MMAP(2)             Linux Programmer's Manual             MMAP(2)

NAME
       mmap, munmap - map or unmap files or devices into memory

SYNOPSIS
       #include <unistd.h>
       #include <sys/mman.h>

       #ifdef _POSIX_MAPPED_FILES

       void  *  mmap(void  *start,  size_t length, int prot , int
       flags, int fd, off_t offset);

       int munmap(void *start, size_t length);

       #endif

DESCRIPTION
       The mmap function asks to map  length  bytes  starting  at
       offset offset from the file (or other object) specified by
       fd into memory, preferably at address start.  This  latter
       address  is  a  hint  only, and is usually specified as 0.
       The actual place where the object is mapped is returned by
       mmap.  The prot argument describes the desired memory pro-
       tection. It has bits

       PROT_EXEC  Pages may be executed.

       PROT_READ  Pages may be read.

       PROT_WRITE Pages may be written.

       PROT_NONE  Pages may not be accessed.

       The flags parameter  specifies  the  type  of  the  mapped
       object,  mapping options and whether modifications made to
       the mapped copy of the page are private to the process  or
       are to be shared with other references.  It has bits

       MAP_FIXED  Do  not select a different address than the one
                  specified.  If the specified address cannot  be
                  used,  mmap  will fail.  If MAP_FIXED is speci-
                  fied, start must be a multiple of the pagesize.
                  Use of this option is discouraged.

       MAP_SHARED Share  this  mapping  with  all other processes
                  that map this object

       MAP_PRIVATE
                  Create a private copy-on-write mapping.

       You must specify exactly one of  MAP_SHARED  and  MAP_PRI-
       VATE.

       The  above three flags are described in POSIX.1b (formerly
       POSIX.4).  Linux also knows about MAP_DENYWRITE,  MAP_EXE-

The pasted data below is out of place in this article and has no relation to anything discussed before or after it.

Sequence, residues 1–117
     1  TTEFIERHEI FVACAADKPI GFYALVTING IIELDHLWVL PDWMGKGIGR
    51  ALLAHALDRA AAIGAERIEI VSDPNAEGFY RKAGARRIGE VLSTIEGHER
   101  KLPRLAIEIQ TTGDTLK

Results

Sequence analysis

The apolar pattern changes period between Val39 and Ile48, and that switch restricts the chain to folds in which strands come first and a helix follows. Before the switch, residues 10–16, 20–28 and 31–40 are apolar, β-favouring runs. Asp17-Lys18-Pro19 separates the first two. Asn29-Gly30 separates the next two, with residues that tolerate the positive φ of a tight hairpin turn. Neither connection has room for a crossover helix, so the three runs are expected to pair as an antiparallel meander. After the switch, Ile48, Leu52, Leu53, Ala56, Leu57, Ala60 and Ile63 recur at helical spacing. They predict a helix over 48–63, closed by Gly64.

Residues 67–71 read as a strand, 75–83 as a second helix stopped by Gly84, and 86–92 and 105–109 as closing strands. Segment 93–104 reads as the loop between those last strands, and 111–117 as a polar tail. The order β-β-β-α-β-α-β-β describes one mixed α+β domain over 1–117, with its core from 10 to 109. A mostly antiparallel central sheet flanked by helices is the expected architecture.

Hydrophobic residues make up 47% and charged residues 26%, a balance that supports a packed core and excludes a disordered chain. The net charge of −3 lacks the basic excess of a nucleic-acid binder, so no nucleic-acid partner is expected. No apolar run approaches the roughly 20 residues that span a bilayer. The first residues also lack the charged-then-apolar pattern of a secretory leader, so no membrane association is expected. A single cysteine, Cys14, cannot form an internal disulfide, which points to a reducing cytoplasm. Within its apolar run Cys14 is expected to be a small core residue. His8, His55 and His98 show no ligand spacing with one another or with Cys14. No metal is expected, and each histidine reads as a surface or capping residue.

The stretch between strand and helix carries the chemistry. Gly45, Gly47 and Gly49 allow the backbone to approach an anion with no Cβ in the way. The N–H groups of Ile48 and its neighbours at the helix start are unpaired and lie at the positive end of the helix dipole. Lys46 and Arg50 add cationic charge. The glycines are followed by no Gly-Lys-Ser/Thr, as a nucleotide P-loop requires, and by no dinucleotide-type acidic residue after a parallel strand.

CUTABLE and MAP_ANON(YMOUS).

       The munmap system call deletes the mappings for the speci-
       fied address  range,  and  causes  further  references  to
       addresses within the range to generate invalid memory ref-
       erences.

RETURN VALUE
       On success, mmap returns a pointer to the mapped area.  On
       error,  MAP_FAILED  (-1)  is  returned,  and  errno is set
       appropriately.  On success, munmap returns 0,  on  failure
       -1, and errno is set (probably to EINVAL).

ERRORS
       EBADF  fd  is  not a valid file descriptor (and MAP_ANONY-
              MOUS was not set).

       EACCES MAP_PRIVATE was asked, but fd is not open for read-
              ing.   Or  MAP_SHARED  was  asked and PROT_WRITE is
              set, fd is not open for writing.

       EINVAL We don't like start or length  or  offset.   (E.g.,
              they  are  too  large, or not aligned on a PAGESIZE
              boundary.)

       ETXTBUSY
              MAP_DENYWRITE was set but the object  specified  by
              fd is open for writing.

       EAGAIN The  file  has  been locked, or too much memory has
              been locked.

       ENOMEM No memory is available.

CONFORMING TO
       SVr4, POSIX.1b (formerly POSIX.4), 4.4BSD.  Svr4 documents
       additional error codes ENXIO and ENODEV.

SEE ALSO
       getpagesize(2),  msync(2),  shm_open(2), B.O. Gallmeister,
       POSIX.4, O'Reilly, pp. 128-129 and 389-391.

Linux 1.3.86              12 April 1996                         1